Programming with tasks can be particularly appropriate for simulations, real-time process control, or other applications that can be reasonably represented as sets of concurrent activities.

    This package includes the object and randint classes, and the subclasses derived from these classes plus the histogram class.

    Also, note the following:

    o The sched class is intended for use only as a base class.

    o The task package makes use of other libraries.

    o The task package is not thread safe. You cannot create tasks simultaneously from different threads.


    #include <task.hxx>

    Additional Information on:

  • Global_Declarations
  • erand
  • histogram
  • Interrupt_handler
  • object
  • qhead
  • qtail
  • randint
  • sched
  • task
  • timer
  • urand

  • vector_package

    The vector package provides ways to define vectors or stacks of objects of any type by using the macro expansion capability of the DEC C++ preprocessor. When used with pointers, the vector package becomes a versatile tool for constructing programs to solve complicated mathematical problems.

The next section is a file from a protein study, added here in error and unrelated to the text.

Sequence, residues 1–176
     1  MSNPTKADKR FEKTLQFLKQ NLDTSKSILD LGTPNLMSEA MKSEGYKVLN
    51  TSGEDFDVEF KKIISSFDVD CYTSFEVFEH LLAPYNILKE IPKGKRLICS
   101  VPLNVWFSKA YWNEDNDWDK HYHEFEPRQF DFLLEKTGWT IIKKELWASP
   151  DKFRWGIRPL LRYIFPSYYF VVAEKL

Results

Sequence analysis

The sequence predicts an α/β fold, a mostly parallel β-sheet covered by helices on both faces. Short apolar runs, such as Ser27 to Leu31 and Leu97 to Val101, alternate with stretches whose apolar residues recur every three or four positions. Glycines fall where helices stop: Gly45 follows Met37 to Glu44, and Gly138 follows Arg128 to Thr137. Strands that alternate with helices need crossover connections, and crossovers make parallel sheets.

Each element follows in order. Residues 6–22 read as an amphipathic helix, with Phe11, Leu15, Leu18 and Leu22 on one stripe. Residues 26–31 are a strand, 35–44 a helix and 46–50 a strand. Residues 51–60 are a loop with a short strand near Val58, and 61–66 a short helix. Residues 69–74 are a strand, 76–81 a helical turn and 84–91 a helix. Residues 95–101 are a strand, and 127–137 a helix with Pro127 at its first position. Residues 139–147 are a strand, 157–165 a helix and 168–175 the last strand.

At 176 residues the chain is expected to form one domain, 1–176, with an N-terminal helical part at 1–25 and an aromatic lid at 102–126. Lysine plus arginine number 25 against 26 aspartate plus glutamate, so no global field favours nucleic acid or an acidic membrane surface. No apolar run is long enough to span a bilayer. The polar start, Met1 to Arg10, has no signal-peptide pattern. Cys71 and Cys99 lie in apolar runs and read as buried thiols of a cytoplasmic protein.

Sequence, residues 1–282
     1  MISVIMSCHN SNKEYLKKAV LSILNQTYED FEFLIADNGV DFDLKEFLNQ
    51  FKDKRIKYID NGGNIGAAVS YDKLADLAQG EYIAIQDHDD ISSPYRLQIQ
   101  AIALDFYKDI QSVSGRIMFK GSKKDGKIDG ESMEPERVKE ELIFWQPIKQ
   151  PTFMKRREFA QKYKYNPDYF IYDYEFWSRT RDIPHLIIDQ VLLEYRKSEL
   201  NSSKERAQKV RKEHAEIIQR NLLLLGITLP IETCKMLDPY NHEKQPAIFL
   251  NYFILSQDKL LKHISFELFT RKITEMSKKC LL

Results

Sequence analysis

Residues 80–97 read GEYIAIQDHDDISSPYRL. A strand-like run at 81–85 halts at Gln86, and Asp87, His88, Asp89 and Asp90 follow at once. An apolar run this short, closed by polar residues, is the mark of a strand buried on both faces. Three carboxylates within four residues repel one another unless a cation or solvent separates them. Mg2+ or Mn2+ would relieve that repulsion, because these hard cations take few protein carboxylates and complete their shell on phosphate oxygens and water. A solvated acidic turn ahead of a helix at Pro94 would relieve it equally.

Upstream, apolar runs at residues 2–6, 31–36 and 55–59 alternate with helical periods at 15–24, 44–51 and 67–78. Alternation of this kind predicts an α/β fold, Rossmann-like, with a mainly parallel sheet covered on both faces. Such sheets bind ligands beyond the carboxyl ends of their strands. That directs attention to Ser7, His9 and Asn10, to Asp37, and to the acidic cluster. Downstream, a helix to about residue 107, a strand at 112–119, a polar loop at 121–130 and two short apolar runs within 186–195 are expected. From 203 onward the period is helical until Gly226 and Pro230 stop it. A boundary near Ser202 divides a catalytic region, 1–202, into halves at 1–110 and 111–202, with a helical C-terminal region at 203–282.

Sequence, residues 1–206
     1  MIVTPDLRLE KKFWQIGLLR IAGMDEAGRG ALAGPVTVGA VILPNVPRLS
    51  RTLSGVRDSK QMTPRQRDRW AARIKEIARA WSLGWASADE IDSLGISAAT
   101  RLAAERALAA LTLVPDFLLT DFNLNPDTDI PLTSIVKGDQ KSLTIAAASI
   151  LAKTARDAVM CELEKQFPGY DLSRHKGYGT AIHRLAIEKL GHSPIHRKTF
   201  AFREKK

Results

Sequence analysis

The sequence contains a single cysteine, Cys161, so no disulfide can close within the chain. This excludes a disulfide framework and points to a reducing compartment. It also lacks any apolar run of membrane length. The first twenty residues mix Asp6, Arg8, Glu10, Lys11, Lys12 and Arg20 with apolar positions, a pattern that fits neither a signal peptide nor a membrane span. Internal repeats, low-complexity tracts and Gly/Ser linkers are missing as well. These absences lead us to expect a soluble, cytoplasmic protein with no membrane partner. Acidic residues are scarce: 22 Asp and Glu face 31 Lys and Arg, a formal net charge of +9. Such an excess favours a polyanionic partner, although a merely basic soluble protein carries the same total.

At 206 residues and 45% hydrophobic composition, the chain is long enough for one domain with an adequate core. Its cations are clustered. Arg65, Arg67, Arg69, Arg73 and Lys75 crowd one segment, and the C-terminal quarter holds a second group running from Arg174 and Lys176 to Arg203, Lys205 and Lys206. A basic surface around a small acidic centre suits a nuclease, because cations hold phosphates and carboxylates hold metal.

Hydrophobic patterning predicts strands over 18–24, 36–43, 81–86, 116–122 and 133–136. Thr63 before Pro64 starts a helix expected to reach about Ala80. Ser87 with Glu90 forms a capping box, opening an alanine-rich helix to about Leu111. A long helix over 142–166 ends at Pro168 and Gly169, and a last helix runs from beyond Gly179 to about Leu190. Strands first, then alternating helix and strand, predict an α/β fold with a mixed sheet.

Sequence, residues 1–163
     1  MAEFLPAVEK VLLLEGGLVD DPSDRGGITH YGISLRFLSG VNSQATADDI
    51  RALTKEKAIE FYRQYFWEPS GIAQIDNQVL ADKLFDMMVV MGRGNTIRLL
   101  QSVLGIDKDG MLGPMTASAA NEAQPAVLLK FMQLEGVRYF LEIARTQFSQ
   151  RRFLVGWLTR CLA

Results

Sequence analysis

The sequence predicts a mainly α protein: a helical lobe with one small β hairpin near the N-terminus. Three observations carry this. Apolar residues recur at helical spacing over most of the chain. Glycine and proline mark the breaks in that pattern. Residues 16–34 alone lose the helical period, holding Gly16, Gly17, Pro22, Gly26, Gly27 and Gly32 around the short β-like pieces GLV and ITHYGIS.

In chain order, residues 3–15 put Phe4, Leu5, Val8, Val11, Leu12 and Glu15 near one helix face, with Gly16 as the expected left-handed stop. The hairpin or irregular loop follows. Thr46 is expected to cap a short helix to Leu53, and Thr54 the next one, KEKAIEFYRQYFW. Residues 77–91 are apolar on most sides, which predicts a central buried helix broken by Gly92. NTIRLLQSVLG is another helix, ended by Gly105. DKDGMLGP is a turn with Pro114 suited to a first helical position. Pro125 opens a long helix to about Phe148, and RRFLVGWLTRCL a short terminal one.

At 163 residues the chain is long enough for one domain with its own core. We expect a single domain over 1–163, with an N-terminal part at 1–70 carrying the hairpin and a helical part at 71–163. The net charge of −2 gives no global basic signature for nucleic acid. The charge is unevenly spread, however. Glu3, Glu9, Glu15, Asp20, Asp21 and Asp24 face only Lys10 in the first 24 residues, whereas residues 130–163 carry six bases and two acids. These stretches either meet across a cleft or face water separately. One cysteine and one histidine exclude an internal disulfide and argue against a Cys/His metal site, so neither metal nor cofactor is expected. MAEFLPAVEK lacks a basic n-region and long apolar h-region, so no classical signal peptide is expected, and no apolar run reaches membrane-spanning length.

#include <vector.hxx>

    To declare a generic vector:

    1. Include the vector.hxx header in your program and declare the vector class as follows:

    declare(vector, TYPE)

    TYPE may be any other valid C++ type name. Make sure you define the declare macro in every file that references this new vector data type.

    2. Expand the implementation of all function bodies as follows:

    implement(vector, TYPE)

    This implement macro must appear once in a program.

    3. Declare objects of type vector, TYPE, and use the index operator to reference these objects. The following is an example of declaration and referencing:

    class MyType {//...//}; declare(vector,MyType); implement(vector,MyType); vector(MyType) vec1(100), vec2(5); MyType x,y; //... if(vec2[4] == y vec1[98]) = x;

    The TYPE parameter must be an identifier. If it is not a class name, a fundamental type, or a type name, use a typedef to create a name for the type. For example:

    typedef char * PCHAR; declare (stack,PCHAR); stack(PCHAR) ptrstack; char *p = "Text"; ptrstack.push(p);

    Additional Information on:

  • stack(TYPE)
  • vector(TYPE)

  • Customer_feedback

    You may send comments or suggestions regarding this help file, or any Compaq C++ documentation, by electronic mail to the following Internet address: